America resumes bombing as net closes on Omar

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The Independent Online

As America renewed its bombing of Taliban targets in eastern Afghanistan yesterday, the Pentagon faced serious allegation that earlier air strikes in the region had killed more than 50 innocent civilians, half of them children.

The new charges came as the net appeared to be tightening around the fugitive former Taliban leader Mullah Mohammed Omar. Washington resumed its bombing campaign after a four-day pause with US Navy aircraft and land-based bombers blasting what General Richard Myers, chairman of the Joint Chiefs of Staff, described as a "substantial" former Taliban compound and cave complex just south of Tora Bora, the mountain stronghold that was the target of a massive bombing attack last month in the vain hunt for Osama bin Laden.

There was no immediate word of how successful were the raids, which took place a few miles inside Afghanistan's border with Pakistan ­ in exactly the same area where the US directed cruise missiles in retaliation for the suicide bombings of two of its embassies in Africa in 1998, also believed to be the work of al-Qa'ida.

The strikes may have been directed at one of the pockets of Taliban/al-Qa'ida resistance in Afghanistan. But they were also a deliberate signal from the Bush administration that whatever the concern of the new government in Kabul at the civilian casualties caused by the continuing aerial bombardment, the US will use every weapon available to hunt down the leaders of the terrorist network and the Taliban still at large.

Donald Rumsfeld, the Defence Secretary, in his first Pentagon briefing of the new year, said: "We are looking for them, we intend to find them, and we intend to capture or kill them." The new government in Afghanistan was "exactly on the same sheet of music" about how to deal with the Taliban and al-Qa'ida still at large, he claimed.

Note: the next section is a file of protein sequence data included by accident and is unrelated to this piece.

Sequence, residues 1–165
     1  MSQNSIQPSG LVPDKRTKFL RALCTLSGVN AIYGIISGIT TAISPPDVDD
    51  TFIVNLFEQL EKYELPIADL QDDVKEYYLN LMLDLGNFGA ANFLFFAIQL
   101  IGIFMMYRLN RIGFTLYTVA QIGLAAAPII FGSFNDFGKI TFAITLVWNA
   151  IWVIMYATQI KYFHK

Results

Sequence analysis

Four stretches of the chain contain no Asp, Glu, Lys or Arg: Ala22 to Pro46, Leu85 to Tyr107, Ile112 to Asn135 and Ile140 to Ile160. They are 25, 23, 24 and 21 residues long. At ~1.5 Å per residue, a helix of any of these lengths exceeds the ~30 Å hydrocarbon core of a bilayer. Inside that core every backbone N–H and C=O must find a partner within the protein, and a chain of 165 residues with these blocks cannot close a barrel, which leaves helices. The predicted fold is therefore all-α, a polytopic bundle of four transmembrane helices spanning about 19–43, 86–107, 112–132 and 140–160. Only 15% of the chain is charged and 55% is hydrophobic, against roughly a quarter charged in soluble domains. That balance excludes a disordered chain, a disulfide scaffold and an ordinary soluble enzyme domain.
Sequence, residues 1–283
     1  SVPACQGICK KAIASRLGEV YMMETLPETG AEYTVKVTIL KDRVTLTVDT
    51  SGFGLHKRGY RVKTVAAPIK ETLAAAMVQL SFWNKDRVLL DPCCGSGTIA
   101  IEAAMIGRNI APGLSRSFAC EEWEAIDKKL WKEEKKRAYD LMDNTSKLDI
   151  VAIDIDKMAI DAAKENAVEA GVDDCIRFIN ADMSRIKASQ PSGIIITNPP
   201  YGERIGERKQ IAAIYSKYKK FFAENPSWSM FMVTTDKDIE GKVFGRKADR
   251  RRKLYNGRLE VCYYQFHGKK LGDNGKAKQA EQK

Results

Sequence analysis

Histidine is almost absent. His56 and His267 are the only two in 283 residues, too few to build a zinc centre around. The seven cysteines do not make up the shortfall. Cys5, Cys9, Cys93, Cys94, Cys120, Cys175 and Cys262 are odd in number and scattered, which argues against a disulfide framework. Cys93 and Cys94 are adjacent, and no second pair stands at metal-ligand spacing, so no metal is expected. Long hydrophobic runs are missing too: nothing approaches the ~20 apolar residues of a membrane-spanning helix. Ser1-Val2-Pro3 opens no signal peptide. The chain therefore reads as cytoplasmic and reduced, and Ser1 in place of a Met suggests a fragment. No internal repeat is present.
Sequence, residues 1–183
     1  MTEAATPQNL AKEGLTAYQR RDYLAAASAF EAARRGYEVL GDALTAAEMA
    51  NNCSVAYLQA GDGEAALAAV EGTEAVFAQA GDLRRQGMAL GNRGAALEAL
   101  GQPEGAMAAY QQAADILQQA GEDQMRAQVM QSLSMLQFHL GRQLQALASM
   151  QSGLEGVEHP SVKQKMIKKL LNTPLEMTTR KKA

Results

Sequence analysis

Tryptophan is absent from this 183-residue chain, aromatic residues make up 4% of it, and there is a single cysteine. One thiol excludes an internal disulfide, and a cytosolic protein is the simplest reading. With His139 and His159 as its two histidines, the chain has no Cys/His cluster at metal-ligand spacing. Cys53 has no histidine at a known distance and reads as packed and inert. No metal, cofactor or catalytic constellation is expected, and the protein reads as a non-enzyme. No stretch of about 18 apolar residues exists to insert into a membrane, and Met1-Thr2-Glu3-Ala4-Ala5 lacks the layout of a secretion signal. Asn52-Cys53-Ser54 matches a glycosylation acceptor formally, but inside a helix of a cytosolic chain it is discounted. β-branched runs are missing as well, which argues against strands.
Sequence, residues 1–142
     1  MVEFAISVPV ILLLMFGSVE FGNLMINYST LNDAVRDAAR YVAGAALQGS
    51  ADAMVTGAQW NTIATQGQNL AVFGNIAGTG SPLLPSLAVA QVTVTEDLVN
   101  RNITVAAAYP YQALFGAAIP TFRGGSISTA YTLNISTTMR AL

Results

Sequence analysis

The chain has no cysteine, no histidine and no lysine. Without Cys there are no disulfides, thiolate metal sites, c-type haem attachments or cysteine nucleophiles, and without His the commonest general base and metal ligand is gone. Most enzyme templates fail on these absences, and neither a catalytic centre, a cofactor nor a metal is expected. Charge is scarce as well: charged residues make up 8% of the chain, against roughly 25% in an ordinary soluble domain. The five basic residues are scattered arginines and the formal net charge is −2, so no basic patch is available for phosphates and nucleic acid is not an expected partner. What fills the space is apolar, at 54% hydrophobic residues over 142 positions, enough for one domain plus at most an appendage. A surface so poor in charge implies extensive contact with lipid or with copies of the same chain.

At the same time, hundreds of US paratroops stepped up their search for Mullah Omar, who is now said by Afghan officials in Kabul to be hiding in the Baghran area in Helmand province, some 100 miles north-west of Kandahar, with hundreds of his followers. US special force units, in groups of 12, are said to be combing the area, but without visible success so far. According to one report, he stayed in a small village called Bagani, near Baghran, after fleeing the city of Kandahar.

Jamal Khan, a commander for Haji Gulalai, the intelligence chief in Kandahar, and other Afghan leaders said talks had been going on with Mullah Omar through third parties since Monday to secure his surrender.

But the outcome of the talks was anything but clear, as was the fate of Mullah Omar if he were to be handed over, whether to the Americans or to the new Afghan government. Nusrat Allah, a senior Afghan intelligence official, claimed to have received a "positive response" from tribal chieftains said to be sheltering Omar and his associates in Baghran, insisting that a breakthrough was likely "soon".

But in Washington, officials were far more sceptical about the negotiations. Rear-Admiral John Stufflebeem said that although up to 1,500 Taliban fighters trapped in the valley might be negotiating a way out, "I think it's a leap of faith if we believe that that is on the behalf of Mullah Omar himself".

Meanwhile, the Pentagon faced new charges as rescuers and local reports claimed the bodies or parts of bodies of 52 people, 25 of them children, had been found at two villages in the eastern Paktia province after a bombing attack on Sunday morning, on what the US claimed were hide-outs of Mr bin Laden's al-Qa'ida network and the Taliban, including an arms depot.

But United Nations spokesmen insisted that innocent villagers were the victims of what would be the third major recent incident of unintended "collateral damage" caused by American air strikes in the eastern provinces of Paktia and Paktika. Local people accused a warlord, Pacha Khan, of bringing about the latest attack. Khan is also alleged to have engineered an American attack on a convoy last month, by feeding false information to the US intelligence to settle personal political scores.

In Kabul, Stephanie Bunker, a UN spokeswoman, said that "all of the injured and killed were civilians", while Lakhdar Brahimi, the world body's special representative in Afghanistan, expressed his own "grave concern".

The US is now detaining 248 Taliban and al-Qa'ida fighters at a marine base near Kandahar and aboard a Navy vessel in the Arabian sea. Many of them will then be taken to the US base at Guantanamo Bay in Cuba, which is being readied as a holding centre. In Kabul, the interim government of Hamid Karzai released some 300 Taliban prisoners.

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